Almost OT: Pushbutton switch latching

Roy J. Tellason rtellason at
Sun Dec 9 17:05:22 CST 2007

On Sunday 09 December 2007 16:32, Chuck Guzis wrote:
> On 9 Dec 2007 at 14:45, der Mouse wrote:
> > For an N-stable circuit, this technique requires 2*(N-1) inputs on each
> > gate.  For a bistable, or even a tristable, this is tolerable; for an
> > 8-stable, it requires eight 14-input NANDs.  You could do it with
> > 8*14=112 diodes (hmm, might need another 8) and a relatively small
> > handful of resistors and transistors.  Doing it with just TTL would
> > be..somewhat inconvenient.
> Perhaps something with UJTs and diodes--a UJT would give you a stable
> state for each button and some steering logic would get you there.
> But UJTs seem to be pretty scarce nowadays.

You can make your own with a pair of cross-connected transistors.

> Better to use a single RS FF per button, with reset being driven by
> the OR of all of the other buttons.  You could certainly do the OR
> with diodes; for an 8-button setup that would be 8 RS flip-flops and
> 56 diodes (fewer if you want to make a tree of them).  That'd be 2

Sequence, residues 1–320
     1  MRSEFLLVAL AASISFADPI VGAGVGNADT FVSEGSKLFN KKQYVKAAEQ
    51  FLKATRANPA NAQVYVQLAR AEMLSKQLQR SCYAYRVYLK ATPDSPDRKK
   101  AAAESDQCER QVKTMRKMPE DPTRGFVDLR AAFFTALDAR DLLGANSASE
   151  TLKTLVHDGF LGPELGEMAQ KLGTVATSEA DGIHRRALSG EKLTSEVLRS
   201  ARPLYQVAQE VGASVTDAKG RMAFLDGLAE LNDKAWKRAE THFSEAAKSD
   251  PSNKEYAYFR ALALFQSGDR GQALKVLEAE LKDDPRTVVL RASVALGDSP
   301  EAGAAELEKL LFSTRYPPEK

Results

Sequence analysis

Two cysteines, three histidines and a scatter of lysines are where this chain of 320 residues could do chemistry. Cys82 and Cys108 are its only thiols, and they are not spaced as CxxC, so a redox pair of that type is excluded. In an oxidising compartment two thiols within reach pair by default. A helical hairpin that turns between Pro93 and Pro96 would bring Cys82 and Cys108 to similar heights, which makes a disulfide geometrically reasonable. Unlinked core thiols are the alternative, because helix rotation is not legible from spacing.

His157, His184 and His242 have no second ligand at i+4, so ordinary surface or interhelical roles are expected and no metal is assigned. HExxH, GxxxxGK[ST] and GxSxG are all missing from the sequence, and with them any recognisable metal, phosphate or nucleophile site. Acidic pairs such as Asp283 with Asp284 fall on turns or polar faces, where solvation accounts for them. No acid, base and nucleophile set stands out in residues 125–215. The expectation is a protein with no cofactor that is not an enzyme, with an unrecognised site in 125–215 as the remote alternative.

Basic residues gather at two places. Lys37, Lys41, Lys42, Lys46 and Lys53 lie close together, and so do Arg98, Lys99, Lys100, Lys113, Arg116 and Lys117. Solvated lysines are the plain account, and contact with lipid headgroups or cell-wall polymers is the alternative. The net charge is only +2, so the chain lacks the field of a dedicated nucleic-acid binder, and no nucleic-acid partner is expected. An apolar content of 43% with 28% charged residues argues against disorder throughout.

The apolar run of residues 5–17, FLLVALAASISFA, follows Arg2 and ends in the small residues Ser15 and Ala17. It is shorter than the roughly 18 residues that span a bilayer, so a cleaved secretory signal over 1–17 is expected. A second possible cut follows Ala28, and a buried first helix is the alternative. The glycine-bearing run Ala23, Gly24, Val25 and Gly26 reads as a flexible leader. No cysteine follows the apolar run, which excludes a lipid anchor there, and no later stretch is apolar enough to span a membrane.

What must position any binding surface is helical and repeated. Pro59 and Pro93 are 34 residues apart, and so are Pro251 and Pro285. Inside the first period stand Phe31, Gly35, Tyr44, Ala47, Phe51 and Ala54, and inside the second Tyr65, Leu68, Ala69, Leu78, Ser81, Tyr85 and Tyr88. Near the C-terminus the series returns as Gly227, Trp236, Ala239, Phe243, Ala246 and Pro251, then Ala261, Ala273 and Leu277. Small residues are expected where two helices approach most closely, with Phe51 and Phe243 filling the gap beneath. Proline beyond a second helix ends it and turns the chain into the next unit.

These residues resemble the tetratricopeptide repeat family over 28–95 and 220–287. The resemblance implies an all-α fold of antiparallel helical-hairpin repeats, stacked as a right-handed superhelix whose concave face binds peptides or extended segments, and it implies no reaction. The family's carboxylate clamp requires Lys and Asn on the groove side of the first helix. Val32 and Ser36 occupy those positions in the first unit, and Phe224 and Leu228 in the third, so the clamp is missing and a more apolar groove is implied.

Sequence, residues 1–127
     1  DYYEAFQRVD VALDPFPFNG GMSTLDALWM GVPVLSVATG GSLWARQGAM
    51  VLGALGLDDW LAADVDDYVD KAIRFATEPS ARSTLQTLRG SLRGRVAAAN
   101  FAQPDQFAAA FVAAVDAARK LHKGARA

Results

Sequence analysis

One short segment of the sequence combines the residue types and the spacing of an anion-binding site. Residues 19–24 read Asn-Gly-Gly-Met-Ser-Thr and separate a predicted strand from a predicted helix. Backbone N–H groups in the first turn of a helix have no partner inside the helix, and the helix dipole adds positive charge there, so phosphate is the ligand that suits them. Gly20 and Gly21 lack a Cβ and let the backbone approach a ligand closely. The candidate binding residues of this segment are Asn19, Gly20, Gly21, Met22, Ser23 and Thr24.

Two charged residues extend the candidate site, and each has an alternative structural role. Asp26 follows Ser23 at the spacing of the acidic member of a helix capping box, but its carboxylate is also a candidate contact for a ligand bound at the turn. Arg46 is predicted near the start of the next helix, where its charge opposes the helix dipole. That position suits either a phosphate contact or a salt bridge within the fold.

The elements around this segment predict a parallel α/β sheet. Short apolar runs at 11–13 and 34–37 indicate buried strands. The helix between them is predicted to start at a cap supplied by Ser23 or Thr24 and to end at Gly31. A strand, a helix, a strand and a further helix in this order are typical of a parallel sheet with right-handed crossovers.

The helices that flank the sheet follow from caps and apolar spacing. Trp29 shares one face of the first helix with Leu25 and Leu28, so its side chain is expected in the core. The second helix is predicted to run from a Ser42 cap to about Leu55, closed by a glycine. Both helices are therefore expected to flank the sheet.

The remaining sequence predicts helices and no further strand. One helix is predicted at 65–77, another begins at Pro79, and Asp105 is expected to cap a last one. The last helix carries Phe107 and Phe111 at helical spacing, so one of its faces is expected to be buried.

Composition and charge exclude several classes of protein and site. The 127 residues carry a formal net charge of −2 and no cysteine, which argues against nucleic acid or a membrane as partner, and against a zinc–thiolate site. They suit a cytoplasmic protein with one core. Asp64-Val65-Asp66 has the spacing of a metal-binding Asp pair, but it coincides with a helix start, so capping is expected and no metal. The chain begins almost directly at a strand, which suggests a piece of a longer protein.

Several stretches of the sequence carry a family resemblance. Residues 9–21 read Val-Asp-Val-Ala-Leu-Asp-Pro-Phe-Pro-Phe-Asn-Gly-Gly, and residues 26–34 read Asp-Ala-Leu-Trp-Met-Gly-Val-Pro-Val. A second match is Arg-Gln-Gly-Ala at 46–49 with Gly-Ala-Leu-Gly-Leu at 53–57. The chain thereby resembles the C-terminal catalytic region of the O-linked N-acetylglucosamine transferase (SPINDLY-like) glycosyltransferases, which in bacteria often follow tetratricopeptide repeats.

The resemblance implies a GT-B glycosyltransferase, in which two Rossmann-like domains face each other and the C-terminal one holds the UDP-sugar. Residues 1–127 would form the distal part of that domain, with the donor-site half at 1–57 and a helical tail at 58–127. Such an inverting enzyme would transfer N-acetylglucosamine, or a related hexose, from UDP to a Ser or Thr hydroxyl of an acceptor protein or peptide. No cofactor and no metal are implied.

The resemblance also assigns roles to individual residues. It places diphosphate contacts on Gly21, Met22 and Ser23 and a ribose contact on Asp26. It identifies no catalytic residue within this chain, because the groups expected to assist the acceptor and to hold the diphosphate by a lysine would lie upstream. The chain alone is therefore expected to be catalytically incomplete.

> 74279s  or 4043s with a pile of diodes.

A similar application that comes to mind is the "game controller" where each 
contestant has a push button and the first one in gets lit and locks the 
other ones out.  There are a bunch of circuits like that around the web. See 
the "4QD" site (in the uk?) for an example of both this and the 
how-to-make-your-own UJT particulars.

My initial reply on this went offlist,  and I still think it's the simplest.  
You take a '374 (well,  I have a pile of 'em here...  :-) and connect a push 
button with a pullup resistor to each input.  Then connect a diode to those 
points too,  with all of the diodes tied together.  A single transistor fed 
by those diodes will generate the clock...

My application for that was a multiple-battery charging setup.  I still have 
to finish up the design in figuring out how each select output will choose a 
different circuit (different sized batteries) and build the darn thing,  
saving me the effort of having to manually hook up all sorts of stuff and 
deal with it.

Member of the toughest, meanest, deadliest, most unrelenting -- and
ablest -- form of life in this section of space,  a critter that can
be killed but can't be tamed.  --Robert A. Heinlein, "The Puppet Masters"
Information is more dangerous than cannon to a society ruled by lies. --James 
M Dakin

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